Outgoing members head to new jobs at law and lobby firms
The door between Capitol Hill and K Street is revolving quickly these days.
Last week, as the new Congress made its official debut, several prominent outgoing lawmakers announced plans to join high-profile law and lobby firms in the District, staffers from both sides of the aisle announced plans to move into the private sector and some K Streeters departed firms to return to the Hill.
Those familiar with the industry say the flux is typical of the weeks following an election and will likely continue over the coming weeks as area associations look to fill senior roles and firms hammer out the details of deals that will bring in former members of Congress.
The former lawmakers
Four lawmakers announced plans last week to join law firms with a presence here in the District. Missouri Republican senator Christopher S. Bond announced he would practice in the St. Louis and Washington offices of Thompson Coburn as a lawyer, not a lobbyist; outgoing representative Artur Davis (D-Ala.) joined the local white-collar defense practice at SNR Denton; former representative Earl Pomeroy (D-N.D.) joined the local office of Alston & Bird along with his chief of staff, Bob Siggins; and former representative Patrick J. Murphy (D-Pa.) will work from Fox Rothschild's offices in his home state. Two more, Sens. Arlen Specter (D-Pa.) and Russell Feingold (D-Wis.), announced plans to teach at law schools in their home states.
Even given the recent influx of Republican lawmakers, outgoing centrist Democrats are in demand as firms prepare for a divided Congress. Former Arkansas senator Blanche Lincoln, retiring Michigan Rep. Bart Stupak, departing Illinois representative Melissa Bean and departing Tennessee representatives John Tanner and Bart Gordon are among those who have yet to announce future plans.
"There's been a lot of interest in Blue Dogs, who are going to have multiple options available to them on where they work next," said Ivan Adler, a consultant at the McCormick Group who oversees government affairs placements.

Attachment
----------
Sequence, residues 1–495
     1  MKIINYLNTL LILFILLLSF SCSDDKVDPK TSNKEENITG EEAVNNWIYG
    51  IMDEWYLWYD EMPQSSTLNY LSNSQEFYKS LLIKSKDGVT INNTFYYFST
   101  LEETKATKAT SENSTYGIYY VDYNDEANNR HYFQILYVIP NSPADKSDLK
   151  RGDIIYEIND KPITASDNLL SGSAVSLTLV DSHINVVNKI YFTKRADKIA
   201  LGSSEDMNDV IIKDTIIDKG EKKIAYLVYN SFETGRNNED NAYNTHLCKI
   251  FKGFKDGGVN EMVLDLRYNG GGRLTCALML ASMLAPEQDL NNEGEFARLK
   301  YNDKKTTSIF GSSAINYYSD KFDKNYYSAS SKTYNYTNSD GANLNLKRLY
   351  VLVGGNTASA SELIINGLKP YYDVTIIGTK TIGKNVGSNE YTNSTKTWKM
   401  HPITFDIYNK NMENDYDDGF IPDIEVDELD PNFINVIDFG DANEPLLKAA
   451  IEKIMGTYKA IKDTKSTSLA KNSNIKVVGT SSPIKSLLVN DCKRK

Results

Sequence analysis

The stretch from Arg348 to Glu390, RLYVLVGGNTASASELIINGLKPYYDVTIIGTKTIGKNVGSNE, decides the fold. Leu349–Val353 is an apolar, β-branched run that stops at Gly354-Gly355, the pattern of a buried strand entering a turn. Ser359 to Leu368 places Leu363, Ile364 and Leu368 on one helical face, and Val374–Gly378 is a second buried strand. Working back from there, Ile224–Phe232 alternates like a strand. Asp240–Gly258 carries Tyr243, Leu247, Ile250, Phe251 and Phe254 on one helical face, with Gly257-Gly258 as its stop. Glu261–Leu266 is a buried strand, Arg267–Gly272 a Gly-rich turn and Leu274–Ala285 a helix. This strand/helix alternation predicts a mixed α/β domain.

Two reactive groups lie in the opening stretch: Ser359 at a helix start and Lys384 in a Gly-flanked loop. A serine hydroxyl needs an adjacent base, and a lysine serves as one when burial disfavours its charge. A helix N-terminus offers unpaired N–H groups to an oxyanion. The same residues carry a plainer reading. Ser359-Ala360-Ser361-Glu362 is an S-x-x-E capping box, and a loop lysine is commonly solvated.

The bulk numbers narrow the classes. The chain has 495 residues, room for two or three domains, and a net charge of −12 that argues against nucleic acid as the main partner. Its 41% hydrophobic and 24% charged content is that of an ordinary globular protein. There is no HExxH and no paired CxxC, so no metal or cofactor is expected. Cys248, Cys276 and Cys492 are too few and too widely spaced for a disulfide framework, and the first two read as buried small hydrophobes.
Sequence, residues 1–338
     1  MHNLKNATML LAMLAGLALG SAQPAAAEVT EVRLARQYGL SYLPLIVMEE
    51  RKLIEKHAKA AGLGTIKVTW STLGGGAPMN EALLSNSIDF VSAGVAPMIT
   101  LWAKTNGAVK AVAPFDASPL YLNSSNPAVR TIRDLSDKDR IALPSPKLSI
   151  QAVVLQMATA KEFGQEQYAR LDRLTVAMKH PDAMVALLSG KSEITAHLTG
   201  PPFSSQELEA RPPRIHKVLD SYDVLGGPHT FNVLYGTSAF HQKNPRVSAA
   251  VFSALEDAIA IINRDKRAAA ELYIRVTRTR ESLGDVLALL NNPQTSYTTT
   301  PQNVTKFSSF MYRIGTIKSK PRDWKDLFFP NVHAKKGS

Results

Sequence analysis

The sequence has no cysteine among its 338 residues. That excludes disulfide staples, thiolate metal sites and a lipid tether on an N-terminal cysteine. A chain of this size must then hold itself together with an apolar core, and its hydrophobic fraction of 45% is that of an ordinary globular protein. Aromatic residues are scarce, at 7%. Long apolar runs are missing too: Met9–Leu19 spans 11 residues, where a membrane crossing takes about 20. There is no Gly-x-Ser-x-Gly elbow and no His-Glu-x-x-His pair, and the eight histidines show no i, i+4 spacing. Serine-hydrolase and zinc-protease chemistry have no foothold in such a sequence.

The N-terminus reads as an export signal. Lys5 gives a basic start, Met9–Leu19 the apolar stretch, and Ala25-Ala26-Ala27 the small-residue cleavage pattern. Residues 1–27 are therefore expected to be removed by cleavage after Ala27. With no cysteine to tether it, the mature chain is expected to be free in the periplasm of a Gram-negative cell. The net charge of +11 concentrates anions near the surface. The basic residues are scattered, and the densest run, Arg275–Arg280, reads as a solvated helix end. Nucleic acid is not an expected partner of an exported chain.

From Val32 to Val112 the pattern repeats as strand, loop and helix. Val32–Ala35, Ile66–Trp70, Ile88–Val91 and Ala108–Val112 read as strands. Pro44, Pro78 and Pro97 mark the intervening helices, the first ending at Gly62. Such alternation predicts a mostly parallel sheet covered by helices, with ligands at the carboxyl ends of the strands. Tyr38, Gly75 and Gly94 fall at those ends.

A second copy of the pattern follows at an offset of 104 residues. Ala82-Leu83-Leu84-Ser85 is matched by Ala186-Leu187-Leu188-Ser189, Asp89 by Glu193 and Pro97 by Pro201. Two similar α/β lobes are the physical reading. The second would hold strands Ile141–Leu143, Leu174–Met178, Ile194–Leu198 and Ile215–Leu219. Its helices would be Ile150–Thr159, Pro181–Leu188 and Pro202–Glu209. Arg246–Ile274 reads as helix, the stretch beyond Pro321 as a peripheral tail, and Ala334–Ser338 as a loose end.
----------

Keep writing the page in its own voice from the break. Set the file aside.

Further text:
Former Hill staffers are also joining and returning to the influence industry at a fast clip, particularly those from committee and lawmaker offices that will play an influential role during the next Congress.
The exodus began in mid-December, when Brendan Daly, communications director for former House speaker and current Rep. Nancy Pelosi (D-Calif.), joined Ogilvy Public Relations as national director of public affairs. Last week, the government relations group at Ogilvy announced the firm had also nabbed Mike Hogan, former deputy chief of staff to Sen. Ben Nelson (D-Neb.), a key Democratic holdout during the health care vote. Ogilvy also picked up Steve Tilton, a former vice president at both PhRMA and the Advanced Medical Technology Association, in anticipation of challenges to the health care overhaul during the 112th Congress.
Brownstein Hyatt Farber Schreck has added to the firm's government relations and natural resources groups. The firm recruited Ryan A. Smith, most recently legislative counsel to Senate Minority Whip Jon Kyl (R-Ariz.), to counsel clients on natural resources litigation, Indian law and other issues. Jon Hrobsky joined the firm's public policy practice from the National Oceans Industries Association.
Van Scoyoc Associates is on the hunt for potential hires after several of its members left to form the education-oriented Penn Hill Group. The lobby shop has already brought on Jessica Gross, a former legislative assistant to former representative Michael N. Castle (R-Del.) on education and labor issues, and confirmed it would be extending more offers over the upcoming weeks.
The public policy group at Holland & Knight is also in growth mode. Kerry Feehery, recently chief of staff to former senator George S. LeMieux (R-Fla.) and a specialist in health care and technology issues, is joining the firm at the end of January. Lauri Hettinger, former staffer to former senator George V. Voinovich (R-Ohio), came to Holland & Knight last month. Practice group leader Rich Gold expects to add as many as eight new positions overall, a 10 percent increase in staffing.
"We're very bullish in the public policy environment and expect revenue growth in the 10 to 15 percent range over the next year," Gold said.
K&L Gates, Arent Fox and McAllister & Quinn are among the other firms looking for talent.
Returning to the Hill
Associations, corporate public affairs departments and lobby shops are also looking to fill positions vacated by those who have announced plans to return to the Hill.
House Speaker John Boehner (R-Ohio) hired his policy director, Brett Loper, from the Advanced Medical Technology Association, which in turn hired Gary Karr from Edelman as its executive vice president for public affairs. House Majority Whip Kevin McCarthy (R-Calif.) hired away Time Warner lobbyist Tim Berry as his chief of staff; Berry was a top aide to convicted money launderer Tom DeLay.
Republican-leaning shop BGR Government Affairs bade farewell to two of its members, with Eric Burgeson joining the office of Rep. Robert Dold (R-Ill.) as chief of staff and Gina Santucci filling the same role in the office of Rep. Ted Poe (R-Tex.). Bringing in talent to fill the gap is one of the firm's active priorities.
"With two of our colleagues returning to Capitol Hill, and a surge in calls by potential clients, we are in active discussions with several people on and off Capitol Hill about joining our lobbying team and we expect to be make additional announcements in the weeks ahead," principal Loren L. Monroe said.